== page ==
A zippy new train service, in place two years early for the Olympics, has put Britain’s tranquil cathedral city in Kent within an hour of London, turning it into an easy visit from many people. I followed at high speed in the footsteps of the Canterbury Pilgrims – and the pawprints of Bagpuss. This is my must-do list.
1 Magic cat
Episodes of classic UK children’s TV shows including Bagpuss are to be shown via iTunes. They are available for download via Apple’s online store. The cost per series is £4.99. Individual episodes cost between £1.49 and £1.89.
“The most important, beautiful, magical, saggy old cloth cat in the whole wide world” — and the star of one of the most enchanting children’s TV programmes — lives in a display case at Canterbury Museum. Oliver Postgate’s pink and white-striped Bagpuss slumbers on with Professor Yaffle, Gabriel the Toad and Rag Doll Madeleine. And those busy menders of broken things – the mice. On my visit they screened the episode from the BBC animated series where the mice scurry around scrubbing and polishing the bottle. Also on display are other creations – Noggin the Nog, Ivor the Engine and the Clangers – from the wonderful dynasty Postgate created with his friend Peter Firmin. There’s also a permanent display devoted to Rupert Bear, and the succession of artists who have drawn him.
Canterbury has come a lot closer since the new Javelin high-speed service from London St Pancras started in December (2009), using the same track as Eurostar trains. Journey times to the city have been falling steadily since Chaucer’s story-telling pilgrims made their fictional trip in The Canterbury Tales. Now, for the first time, you can get there from the capital in under an hour. I took one of the new Japanese-built trains, the fastest in Britain apart from Eurostar services to the continent. You pay more than on conventional trains, but it was worth it for the exhilarating 140 mph hurtle down into Kent. 57 minutes after leaving London, I walked under the ancient West Gate into this gracious old city. www.southeasternrailway.co.uk.
3 Tale story
Some of the city’s most famous “visitors”, Chaucer’s Wife of Bath, the Miller, Pardonner and Knight, are convincingly re-created, with Chaucer as the first tour guide, picking a route through the C14th throng in Canterbury Tales. Among the real visitors to this spot were the invading Emperor Claudius. The Roman Museum contains intriguing finds, a facsimile Roman market place, and the remains of a Roman town house, with mosaics, uncovered by wartime bombing. The story continues in St Martin’s Church, the oldest in the English speaking world still used for worship. Parts date from the C6th. It belongs to the World Heritage Site, with the cathedral and nearby ruins of St Augustine’s Abbey. Mary Tourtel, creator of Rupert Bear, is buried here.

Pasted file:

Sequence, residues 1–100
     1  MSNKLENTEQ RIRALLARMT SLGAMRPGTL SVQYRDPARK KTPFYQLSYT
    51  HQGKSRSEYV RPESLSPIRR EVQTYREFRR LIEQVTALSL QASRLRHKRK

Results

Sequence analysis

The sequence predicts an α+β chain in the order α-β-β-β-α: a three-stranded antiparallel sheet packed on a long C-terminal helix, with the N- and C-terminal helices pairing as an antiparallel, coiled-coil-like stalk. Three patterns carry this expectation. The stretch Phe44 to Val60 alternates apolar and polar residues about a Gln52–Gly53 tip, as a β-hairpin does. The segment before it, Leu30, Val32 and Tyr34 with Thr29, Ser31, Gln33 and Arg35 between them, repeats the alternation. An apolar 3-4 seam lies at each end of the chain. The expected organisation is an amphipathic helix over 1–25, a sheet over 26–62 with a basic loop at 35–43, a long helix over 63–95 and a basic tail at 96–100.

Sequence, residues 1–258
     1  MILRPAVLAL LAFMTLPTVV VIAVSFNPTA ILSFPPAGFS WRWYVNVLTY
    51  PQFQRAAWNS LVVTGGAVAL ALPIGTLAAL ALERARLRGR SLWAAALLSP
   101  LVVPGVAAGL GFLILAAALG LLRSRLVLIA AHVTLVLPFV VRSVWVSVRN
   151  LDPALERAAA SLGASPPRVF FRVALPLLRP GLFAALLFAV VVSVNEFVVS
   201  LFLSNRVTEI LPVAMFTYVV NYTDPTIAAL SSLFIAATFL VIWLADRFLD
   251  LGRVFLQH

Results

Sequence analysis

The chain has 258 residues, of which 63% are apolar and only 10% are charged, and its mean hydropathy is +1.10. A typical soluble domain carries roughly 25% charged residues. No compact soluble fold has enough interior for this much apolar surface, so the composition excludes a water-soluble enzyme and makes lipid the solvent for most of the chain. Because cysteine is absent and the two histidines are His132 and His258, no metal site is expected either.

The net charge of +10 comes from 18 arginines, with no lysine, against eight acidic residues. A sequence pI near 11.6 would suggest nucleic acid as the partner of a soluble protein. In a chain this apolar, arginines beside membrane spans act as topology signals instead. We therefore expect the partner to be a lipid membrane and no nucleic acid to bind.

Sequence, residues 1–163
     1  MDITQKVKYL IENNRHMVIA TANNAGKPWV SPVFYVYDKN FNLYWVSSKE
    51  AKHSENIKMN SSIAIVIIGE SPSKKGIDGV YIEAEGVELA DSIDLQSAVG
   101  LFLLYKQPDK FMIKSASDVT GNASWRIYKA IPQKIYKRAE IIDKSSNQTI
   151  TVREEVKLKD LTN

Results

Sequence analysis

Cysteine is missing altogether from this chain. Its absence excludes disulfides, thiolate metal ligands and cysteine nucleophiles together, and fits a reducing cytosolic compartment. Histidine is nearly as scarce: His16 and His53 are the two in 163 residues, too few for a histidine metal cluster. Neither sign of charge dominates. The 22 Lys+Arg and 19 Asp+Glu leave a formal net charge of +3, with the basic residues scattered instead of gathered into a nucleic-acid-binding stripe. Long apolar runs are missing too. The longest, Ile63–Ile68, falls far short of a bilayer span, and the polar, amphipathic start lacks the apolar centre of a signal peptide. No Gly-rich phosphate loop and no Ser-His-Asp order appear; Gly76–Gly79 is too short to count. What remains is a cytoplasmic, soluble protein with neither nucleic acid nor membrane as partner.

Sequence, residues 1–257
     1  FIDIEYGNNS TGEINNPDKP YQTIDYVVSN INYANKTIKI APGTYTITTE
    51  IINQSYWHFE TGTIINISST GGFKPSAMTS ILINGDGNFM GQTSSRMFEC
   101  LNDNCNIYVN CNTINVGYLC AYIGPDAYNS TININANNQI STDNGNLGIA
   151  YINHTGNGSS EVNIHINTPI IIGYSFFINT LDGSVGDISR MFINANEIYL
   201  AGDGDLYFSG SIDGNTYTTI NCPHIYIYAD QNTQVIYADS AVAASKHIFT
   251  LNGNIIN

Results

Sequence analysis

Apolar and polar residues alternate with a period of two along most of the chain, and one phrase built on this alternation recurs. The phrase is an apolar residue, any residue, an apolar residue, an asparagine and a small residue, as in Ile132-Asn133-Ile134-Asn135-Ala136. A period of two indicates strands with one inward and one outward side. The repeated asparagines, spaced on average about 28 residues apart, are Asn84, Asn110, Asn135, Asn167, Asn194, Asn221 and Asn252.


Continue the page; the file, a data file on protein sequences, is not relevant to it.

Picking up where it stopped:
4 Saintly peace
The many reasons to visit Canterbury Cathedral include the wonderful mediaeval stained glass, sensibly removed during the war, when Canterbury was badly bombed. But the most striking feature is a big blank space, enveloped in a deep peace. The clue is in the stairs that lead to it, worn into grooves by the feet and knees of pilgrims, going up to the shrine of Thomas à Becket. The archbishop was cut down by four of Henry II’s knights one December night in 1170. Becket’s tomb was at this spot until 1563, when Henry VIII had it torn out. (Canterbury Museum displays the remarkable tapestry telling the story, designed by Oliver Postgate.) A single candle burns poignantly where the tomb stood, to the mood music of a gently purring organ. You have to pay. But guests at the cathedral’s own hotel (www.canterburycathedrallodge.org) on the precincts, may stroll around for nothing in the perfect calm of the evening or early morning, when it is empty of tourists.
5 Top tavern
In a perfect world we would save all old pubs from closing. But if there are to be new ones, let them match the high standards of Old Brewery Tavern (opposite the Canterbury Museum). It opened in 2006, putting an old building to very good use. I liked the smart but spare lounges, with a liberal scattering of comfy low sofas and wooden furniture. My leek soup, and homemade pork pie with ale chutney (with a glass of Whitstable Brewing Company’s East India Pale Ale) was superior simplicity. They offer two sizes: “ample – for a quick snack”; and “generous, for the really hungry.” At the catering helm is Michael Caines, the 2 Michelin-starred chef who also runs the restaurant in the adjoining Abode hotel, one of a collection of “lifestyle hotels.” www.michaelcaines.com
6 Water way
An unexpected delight of Canterbury is the boat trip on the Stour. A team of clued-up and engaging guides drift you along the quiet river in the heart of the city, where the banks are dense with history. They give a helpful oversight of the city. Highlights of the 40 minute tour, which begins at the bridge by the Old Weavers Restaurant, include Greyfriars, a C13th chapel which spans the river. It’s the oldest example of Franciscan architecture in the country, built in the lifetime of the order’s founder St Francis of Assisi. There are wonderful views of the cathedral. www.canterburyrivertours.co.uk. Afterwards the city offers soothing retail therapy, in the recently refurbished Kings Mile shopping district. Independent shops offer hand made chocolates, designer fashion, Fairtrade produce., and much more. Look for the remarkable, drunkenly- tilting C16th Sir John Boys’ House.